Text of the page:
I have learned nothing from these two days. NZ are ranked second in world cricket, so they’re good. England are average (I was going to say a side in transition but we’ve been transitioning for about 2-3 years - I think at some point we have to accept we’re mediocre). This is exactly what was shown in Test 1 and England are well up against it here.

I think I have basically had enough of Root as captain. He’s actively bad at captaincy imo - just has no feel for the game. On Day 1, he took Broad off after he got a wicket and had started to ratchet the pressure up; presumably this is because we have a lot of bowlers and he wants to keep spells short to keep them fresh (something he criticised Archer for -!!!- in the last test; you’re the captain, you dictate the spell length you utter cretin). But if you’re feeling the game you probably give Broad another couple as he was looking dangerous.

Curran comes on, Root moves Woakes wider at fine leg, as I say to myself, if it goes fine it’s 4, if it goes wider, a finer fine leg can get around as the boundary is wider there and the outfield is relatively lush. Of course, immediately Curran drifts onto the pads, it gets tickled fine for 4. Curran then bowls on the pads again, shot beats square leg. So Root pushed square leg to the boundary instead of telling Curran to get off the pads. Next scoring shot, on the pads, dropped into the vacant square leg to midwicket area. 1 run.

Meanwhile we manage to take a wicket by bowling 4th/5th stump line. Just stick to the fucking plan and leave your field for it. Make the bowlers bowl to it and if they can’t, take them off. It’s not like he’s short of seam up options, particularly in this game.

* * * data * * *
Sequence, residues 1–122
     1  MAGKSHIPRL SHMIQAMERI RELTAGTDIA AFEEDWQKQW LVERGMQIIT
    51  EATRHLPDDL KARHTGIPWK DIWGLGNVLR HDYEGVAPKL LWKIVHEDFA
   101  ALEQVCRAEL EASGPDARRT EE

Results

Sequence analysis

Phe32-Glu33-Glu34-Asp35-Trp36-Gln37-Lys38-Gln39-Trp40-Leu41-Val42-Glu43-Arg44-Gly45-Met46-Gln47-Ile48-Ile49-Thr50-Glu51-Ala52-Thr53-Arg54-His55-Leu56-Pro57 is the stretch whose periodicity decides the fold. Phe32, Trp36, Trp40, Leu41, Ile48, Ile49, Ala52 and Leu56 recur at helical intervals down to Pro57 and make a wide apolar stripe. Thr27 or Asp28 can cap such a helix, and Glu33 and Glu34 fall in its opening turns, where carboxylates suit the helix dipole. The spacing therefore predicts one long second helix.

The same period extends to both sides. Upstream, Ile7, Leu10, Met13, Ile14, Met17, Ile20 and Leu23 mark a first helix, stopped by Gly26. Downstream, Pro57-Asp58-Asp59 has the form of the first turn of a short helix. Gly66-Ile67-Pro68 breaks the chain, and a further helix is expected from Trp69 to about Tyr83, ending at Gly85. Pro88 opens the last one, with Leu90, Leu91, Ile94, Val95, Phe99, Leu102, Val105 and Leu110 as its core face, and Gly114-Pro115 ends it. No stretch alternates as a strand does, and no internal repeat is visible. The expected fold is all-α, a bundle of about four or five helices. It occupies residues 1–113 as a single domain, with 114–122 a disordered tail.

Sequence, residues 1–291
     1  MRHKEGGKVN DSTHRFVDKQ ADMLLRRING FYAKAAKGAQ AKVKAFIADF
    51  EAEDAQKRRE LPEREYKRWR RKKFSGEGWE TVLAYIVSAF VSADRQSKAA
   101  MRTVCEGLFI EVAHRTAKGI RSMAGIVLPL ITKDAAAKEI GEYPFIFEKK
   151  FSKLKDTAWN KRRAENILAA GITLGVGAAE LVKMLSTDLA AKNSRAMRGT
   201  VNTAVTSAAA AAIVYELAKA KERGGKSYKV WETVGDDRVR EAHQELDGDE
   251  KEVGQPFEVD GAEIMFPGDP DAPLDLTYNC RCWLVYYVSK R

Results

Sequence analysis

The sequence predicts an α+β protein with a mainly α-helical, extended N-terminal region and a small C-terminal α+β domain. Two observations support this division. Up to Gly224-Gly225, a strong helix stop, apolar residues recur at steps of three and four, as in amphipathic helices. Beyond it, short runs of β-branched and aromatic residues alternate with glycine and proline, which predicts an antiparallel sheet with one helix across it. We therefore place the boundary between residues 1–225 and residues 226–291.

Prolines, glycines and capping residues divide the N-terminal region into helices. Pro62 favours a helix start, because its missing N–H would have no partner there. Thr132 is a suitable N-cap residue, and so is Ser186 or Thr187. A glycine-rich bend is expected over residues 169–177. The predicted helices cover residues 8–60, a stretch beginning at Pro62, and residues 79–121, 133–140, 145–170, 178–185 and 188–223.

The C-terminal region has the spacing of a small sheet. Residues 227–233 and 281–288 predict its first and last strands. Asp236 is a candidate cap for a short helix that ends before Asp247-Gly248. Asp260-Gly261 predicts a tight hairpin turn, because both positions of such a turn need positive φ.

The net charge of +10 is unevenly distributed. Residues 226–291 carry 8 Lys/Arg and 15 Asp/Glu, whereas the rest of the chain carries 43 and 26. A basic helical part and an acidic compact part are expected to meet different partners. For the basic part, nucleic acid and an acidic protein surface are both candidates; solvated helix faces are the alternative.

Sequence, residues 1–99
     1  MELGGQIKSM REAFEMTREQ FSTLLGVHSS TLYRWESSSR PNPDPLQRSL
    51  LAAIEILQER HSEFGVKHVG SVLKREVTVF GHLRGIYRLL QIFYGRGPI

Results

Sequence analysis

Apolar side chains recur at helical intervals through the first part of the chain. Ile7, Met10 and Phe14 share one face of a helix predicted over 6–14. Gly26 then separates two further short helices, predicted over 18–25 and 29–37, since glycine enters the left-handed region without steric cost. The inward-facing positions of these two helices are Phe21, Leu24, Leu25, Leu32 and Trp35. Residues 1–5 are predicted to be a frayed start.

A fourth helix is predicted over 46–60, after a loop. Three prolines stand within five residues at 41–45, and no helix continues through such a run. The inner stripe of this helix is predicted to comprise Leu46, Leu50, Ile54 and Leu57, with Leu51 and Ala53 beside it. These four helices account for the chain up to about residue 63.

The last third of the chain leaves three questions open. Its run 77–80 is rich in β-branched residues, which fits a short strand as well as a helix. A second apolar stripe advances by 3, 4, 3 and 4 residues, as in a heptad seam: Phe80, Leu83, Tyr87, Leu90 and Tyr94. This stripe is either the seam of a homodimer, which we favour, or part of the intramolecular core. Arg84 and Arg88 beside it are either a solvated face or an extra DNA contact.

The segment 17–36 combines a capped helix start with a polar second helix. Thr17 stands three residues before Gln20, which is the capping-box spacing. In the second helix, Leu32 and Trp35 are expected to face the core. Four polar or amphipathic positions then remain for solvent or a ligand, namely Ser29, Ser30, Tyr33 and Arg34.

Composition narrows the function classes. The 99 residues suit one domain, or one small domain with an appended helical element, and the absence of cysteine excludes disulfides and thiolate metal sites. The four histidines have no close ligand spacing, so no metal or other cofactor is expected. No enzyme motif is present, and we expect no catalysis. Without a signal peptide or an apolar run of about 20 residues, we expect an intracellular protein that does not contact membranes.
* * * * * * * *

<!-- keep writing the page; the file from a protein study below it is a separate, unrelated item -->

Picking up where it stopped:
He’s a waste of space captaincy wise and it’s damaging his batting. Give it to anyone else - we’ve had this discussion further up thread but I have got to the point where anyone would be better I think, so no need to rehash the names - and let him focus on batting.

NZ meanwhile trundle on, greater than the sum of their parts due to exemplary leadership. I don’t know whether any of their guys would get in a World XI apart from Williamson but they’re a fantastic red ball unit. Their series against India upcoming in Nz should be good and could have done with being longer, as it’s a shootout between 1 and 2 in the rankings.

In other news, I dislike David Warner and think he’s a flat track bully who prospers on pitches and with the Kookaburra that offer no sideways movement. Even still, with more than 3 days to play and him having a chance at Lara’s record and the team still being able to win, that declaration seemed harsh to me. I expect his autobiography will have a chapter all about it claiming he was made to eat shit for his part in SandpaperGate.
  #589  
Old 11-30-2019, 05:10 AM